Udaipur or you might call the city of lakes and palaces. In my case I visited the so-called "City Palace", and the museum has valuable collections of miniatures and "Gardens of the Maids of Honour". Here you can find the workshops of paintings and is a great place to buy these types of souvenirs.
The Jagdish Temple is the most important temple in the city and a fascinating place of worship flanked by elephants and riders. A steep staircase leads to the temple. Inside, there's an air of true devotion. The devotees present their offerings and pray, led by the Master. Taking photos inside is not allowed. It was originally built by Maharana Jagat Singh I in 1651 AD, this fascinating place of worship enshrines a black stone image of Lord Vishnuji. If you're lucky, you could find yourself surprised with live music or the sound of bells, for the prayer of the faithful. This is a Jain temple. Jainism is a very important religion in Rajhastan. Its main principle is non-violence, its devotees are unable to kill any living organism. In India, you will see Jains strolling, taking good care not to kill any little creature, using some small brushes to avoid accidentally stepping on a living being.
Jag Mandir is a beautiful palace situated in the city of Udaipur, a city also known as the Oriental Venice due to the fact that it is partially built on water. The palace has three floors and is built with yellow stone and white marble. Construction began in the 17th Century and was commissioned by Maharana Karan Singh. Singh Rajput´s mother, helped the prince to leave the country with his wife and two children. The palace was completed around 1650, after the death of Karan Singh. Changes were made by successive owners, and it is very well preserved. The place where the prince was staying Gul Mahal is called, is the best decorated, the most important point of the visit. There is Islamic style architecture, to please the prince Karan Singh. There was also a mosque so that he could pray. There is a patio, with black and white tiles, worth a visit.
Situated in the lower part of town, right on the edge of the lake, this haveli (the name given to an Indian house) is the perfect place to end a visit to Udaipur. It is totally classic, and it contains some objects from the 18th century. Some cultural events are held in the courtyard, and paintings are exhibited. It also displays the world's largest turban (which I doubt!). The Palace offers a beautiful view over the lake. Elephants are often parked nearby. At the exit, you will pass by the workshop of a sculptor in polystyrene: the Taj Mahal, Rolls Royce, the Eiffel Tower, the Tower of Pisa ... The tour costs 25 rupees, not even one euro per person.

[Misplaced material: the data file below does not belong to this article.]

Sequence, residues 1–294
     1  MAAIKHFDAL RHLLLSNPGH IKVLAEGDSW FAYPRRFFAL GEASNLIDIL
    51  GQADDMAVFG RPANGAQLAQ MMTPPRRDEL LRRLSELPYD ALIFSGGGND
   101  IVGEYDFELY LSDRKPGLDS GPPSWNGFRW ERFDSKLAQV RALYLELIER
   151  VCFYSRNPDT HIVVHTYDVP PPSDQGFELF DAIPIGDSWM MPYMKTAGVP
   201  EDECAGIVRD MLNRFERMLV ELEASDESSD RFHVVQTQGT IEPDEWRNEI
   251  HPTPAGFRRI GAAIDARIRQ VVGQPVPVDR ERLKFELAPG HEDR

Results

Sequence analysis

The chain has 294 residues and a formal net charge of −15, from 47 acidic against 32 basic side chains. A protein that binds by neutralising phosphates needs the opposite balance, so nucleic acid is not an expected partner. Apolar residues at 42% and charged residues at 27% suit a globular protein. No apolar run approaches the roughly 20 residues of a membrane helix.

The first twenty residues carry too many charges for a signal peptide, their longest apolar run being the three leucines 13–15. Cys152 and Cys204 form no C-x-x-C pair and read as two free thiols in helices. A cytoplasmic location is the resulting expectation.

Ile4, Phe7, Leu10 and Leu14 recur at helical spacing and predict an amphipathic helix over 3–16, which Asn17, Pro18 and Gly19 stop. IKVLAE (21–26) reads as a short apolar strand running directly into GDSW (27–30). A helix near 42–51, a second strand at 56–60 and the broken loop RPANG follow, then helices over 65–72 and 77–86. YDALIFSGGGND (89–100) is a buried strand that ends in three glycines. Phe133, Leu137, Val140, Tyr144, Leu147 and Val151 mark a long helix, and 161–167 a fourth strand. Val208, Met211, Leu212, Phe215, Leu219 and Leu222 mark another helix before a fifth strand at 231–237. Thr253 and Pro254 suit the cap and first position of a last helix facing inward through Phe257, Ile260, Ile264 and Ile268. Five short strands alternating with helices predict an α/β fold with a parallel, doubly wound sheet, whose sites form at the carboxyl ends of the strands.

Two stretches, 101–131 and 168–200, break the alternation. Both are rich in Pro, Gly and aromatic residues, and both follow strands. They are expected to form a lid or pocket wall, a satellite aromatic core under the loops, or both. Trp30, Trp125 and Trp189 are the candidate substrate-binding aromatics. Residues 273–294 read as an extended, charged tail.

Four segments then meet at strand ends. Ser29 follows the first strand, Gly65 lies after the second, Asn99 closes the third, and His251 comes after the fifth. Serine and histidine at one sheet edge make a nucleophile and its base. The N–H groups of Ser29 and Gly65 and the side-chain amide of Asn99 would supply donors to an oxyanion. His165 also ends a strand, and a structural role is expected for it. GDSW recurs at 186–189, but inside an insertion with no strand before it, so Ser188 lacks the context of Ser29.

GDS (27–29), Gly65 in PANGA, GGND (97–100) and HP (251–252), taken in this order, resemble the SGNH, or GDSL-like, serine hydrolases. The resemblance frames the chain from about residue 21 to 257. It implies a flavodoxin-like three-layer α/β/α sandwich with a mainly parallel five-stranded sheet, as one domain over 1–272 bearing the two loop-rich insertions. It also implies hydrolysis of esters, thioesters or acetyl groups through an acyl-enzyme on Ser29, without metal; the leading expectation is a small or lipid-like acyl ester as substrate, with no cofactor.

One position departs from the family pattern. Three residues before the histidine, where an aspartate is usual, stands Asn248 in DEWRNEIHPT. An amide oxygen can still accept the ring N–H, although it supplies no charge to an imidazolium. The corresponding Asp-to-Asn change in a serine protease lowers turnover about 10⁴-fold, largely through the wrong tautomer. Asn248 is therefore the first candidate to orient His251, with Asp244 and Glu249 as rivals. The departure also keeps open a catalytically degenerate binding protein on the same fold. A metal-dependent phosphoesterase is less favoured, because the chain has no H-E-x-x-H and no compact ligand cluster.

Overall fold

The Saheliyon ki Bari or Garden of the Maids of Honor 18th century, is a very nice park with many ponds, marble elephants, statues, etc ... It's a very relaxing walk in the garden too bad I did not have much time to enjoy it, so if you do not forget bring yourself mosquito repellent. On our walk we saw a garden that is full of life, people walking, children playing. There was even a bride making a report of her wedding.
I could not tell exactly what area we found ourselves , or even what the name was, but on the way to Udaipur-Ranakpur we stopped at a village to look at two very large trees in which the guide assured us that there is where the world's largest bats lived. I hope you can appreciate the pictures (they are brown spots).
The best souvenir to take back from Udaipur is a replica of the thumbnails that are in the museum of the city palace. This shop performs demonstrations so you can see the colors used and craftsmanship of how they are made. We were assured that all the works that could be bought here were of the best quality and cheaper than on the street. But everyone buys where they prefer, right?. In this store you could also buy other products like fabrics, saris, etc. .. but the guide advised us that the choice is better in Jaipur.
This place is also known as the Lake Palace. It appears as if it is magically floating on the lake. It was built in the year 1746, and it has a romantic history. The young Prince Jagat Singh asked permission from his father to help the ladies of the court go to the nearby palace of Jag Mandir. His father refused and said that if I wanted to waste time on such trivialities, he had to build his own palace of pleasure. And that's exactly what he did. He built a beautiful white marble building. The lake breeze flowing through the courtyards, pavilions and gardens, which are greatly appreciated in the heat of India. The palace rooms are lavishly decorated with arches, murals, mosaics, mirrors, etc..
Just 22 kilometers north of Udaipur you'll find the complex of this temple, along with 108 sanctuaries. This set attracts hoards of pilgrims as well as tourists daily. Built with sandstone and marble, there's a room that houses a four-headed Shiva made of black marble. You're not allowed to take pictures. The opening is changing frequently and sometimes you may have to wait over an hour to go. It is also advisable not to go on Monday (the day most favorable to the faithful). It is said that the Maharaja himself makes a private visit every Monday afternoon.